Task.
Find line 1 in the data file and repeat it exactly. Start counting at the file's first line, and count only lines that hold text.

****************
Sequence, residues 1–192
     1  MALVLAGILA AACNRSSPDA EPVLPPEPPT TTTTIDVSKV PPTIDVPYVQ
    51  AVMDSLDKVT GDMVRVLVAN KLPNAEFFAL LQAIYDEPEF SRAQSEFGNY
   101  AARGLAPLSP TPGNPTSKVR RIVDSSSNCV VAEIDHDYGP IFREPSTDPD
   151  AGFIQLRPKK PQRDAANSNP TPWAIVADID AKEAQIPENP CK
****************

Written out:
Sequence, residues 1–192